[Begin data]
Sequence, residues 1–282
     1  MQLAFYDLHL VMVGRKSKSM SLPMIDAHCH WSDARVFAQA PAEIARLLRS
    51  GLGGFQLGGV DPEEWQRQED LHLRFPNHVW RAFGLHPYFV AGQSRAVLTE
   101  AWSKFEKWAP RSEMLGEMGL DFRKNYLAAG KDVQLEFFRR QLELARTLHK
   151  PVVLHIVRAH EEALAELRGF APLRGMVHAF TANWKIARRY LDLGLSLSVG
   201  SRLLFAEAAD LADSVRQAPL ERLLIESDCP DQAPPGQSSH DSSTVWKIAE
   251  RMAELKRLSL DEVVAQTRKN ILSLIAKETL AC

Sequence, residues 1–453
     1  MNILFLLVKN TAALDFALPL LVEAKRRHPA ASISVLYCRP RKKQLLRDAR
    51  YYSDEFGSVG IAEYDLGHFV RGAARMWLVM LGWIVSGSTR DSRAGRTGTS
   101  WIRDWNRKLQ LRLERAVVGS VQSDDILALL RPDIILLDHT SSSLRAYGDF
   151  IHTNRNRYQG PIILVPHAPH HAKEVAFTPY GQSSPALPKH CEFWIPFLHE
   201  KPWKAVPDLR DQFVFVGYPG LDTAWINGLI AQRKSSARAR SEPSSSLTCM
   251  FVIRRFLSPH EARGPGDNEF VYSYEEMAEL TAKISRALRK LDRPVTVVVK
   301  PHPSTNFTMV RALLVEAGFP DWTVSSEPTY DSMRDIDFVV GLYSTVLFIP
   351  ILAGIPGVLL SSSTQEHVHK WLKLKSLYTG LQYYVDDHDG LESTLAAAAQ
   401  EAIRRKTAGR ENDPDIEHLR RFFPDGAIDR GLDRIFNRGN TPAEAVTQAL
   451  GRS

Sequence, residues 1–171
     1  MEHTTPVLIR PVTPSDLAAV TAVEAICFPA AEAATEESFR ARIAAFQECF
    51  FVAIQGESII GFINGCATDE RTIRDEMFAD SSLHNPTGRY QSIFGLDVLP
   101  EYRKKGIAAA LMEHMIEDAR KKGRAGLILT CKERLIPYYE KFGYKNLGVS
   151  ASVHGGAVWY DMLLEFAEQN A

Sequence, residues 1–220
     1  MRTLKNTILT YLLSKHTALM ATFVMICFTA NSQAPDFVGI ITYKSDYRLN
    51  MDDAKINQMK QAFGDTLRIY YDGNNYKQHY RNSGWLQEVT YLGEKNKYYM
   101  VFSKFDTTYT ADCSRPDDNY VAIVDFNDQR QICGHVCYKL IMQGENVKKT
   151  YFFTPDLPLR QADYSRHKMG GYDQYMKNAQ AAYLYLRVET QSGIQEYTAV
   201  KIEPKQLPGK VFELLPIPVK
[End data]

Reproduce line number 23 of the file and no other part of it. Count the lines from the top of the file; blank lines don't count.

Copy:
   151  ASVHGGAVWY DMLLEFAEQN A